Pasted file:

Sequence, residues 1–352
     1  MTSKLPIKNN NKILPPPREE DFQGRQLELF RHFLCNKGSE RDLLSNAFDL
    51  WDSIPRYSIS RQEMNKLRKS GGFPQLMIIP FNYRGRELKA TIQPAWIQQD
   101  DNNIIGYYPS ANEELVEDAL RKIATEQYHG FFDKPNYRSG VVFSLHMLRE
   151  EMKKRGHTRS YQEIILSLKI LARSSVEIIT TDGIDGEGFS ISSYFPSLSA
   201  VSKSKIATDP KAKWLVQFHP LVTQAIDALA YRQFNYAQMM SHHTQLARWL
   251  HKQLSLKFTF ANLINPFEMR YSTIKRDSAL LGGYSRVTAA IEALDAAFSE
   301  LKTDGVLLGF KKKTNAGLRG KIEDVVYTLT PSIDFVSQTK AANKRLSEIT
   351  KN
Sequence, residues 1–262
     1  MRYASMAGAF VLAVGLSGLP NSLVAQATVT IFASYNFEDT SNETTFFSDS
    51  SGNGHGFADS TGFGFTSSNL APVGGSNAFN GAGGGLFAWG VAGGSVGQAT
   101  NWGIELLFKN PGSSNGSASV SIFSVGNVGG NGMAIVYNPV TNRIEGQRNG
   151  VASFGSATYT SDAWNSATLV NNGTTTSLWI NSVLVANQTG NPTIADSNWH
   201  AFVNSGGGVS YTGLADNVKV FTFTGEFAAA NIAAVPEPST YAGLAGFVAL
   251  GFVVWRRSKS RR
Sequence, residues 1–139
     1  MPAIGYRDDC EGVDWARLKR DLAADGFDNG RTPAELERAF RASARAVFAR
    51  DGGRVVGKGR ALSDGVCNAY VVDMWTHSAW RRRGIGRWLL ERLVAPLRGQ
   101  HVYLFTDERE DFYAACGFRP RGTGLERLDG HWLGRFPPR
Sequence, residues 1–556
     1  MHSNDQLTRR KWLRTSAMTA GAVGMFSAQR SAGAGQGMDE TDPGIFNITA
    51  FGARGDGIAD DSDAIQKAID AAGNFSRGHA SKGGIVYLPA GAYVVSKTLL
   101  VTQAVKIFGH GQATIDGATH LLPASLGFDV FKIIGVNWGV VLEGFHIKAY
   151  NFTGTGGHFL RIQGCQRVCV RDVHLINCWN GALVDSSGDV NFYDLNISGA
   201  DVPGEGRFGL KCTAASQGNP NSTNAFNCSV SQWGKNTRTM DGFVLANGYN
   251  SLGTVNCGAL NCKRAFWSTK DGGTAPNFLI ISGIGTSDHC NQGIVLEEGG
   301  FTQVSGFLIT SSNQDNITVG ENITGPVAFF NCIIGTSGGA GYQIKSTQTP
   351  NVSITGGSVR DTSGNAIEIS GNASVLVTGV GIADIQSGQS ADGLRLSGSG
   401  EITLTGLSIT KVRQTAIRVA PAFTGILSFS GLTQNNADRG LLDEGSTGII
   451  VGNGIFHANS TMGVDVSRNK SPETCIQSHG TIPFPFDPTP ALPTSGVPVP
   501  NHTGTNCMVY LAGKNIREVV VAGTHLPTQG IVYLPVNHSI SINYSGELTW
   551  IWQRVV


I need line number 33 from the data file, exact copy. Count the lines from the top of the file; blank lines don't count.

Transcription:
   551  IWQRVV